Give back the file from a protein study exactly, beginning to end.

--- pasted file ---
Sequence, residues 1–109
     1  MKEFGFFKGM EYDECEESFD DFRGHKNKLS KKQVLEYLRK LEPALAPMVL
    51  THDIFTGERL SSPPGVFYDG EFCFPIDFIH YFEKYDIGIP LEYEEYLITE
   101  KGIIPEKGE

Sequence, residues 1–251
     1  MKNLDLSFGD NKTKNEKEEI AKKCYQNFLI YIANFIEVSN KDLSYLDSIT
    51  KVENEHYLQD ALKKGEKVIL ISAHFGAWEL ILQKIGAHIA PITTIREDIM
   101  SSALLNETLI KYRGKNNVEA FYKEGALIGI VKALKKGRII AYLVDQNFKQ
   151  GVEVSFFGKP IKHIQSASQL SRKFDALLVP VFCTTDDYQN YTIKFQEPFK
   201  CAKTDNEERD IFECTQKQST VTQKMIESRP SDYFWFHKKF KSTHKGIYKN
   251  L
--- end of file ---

Sequence, residues 1–109
     1  MKEFGFFKGM EYDECEESFD DFRGHKNKLS KKQVLEYLRK LEPALAPMVL
    51  THDIFTGERL SSPPGVFYDG EFCFPIDFIH YFEKYDIGIP LEYEEYLITE
   101  KGIIPEKGE

Sequence, residues 1–251
     1  MKNLDLSFGD NKTKNEKEEI AKKCYQNFLI YIANFIEVSN KDLSYLDSIT
    51  KVENEHYLQD ALKKGEKVIL ISAHFGAWEL ILQKIGAHIA PITTIREDIM
   101  SSALLNETLI KYRGKNNVEA FYKEGALIGI VKALKKGRII AYLVDQNFKQ
   151  GVEVSFFGKP IKHIQSASQL SRKFDALLVP VFCTTDDYQN YTIKFQEPFK
   201  CAKTDNEERD IFECTQKQST VTQKMIESRP SDYFWFHKKF KSTHKGIYKN
   251  L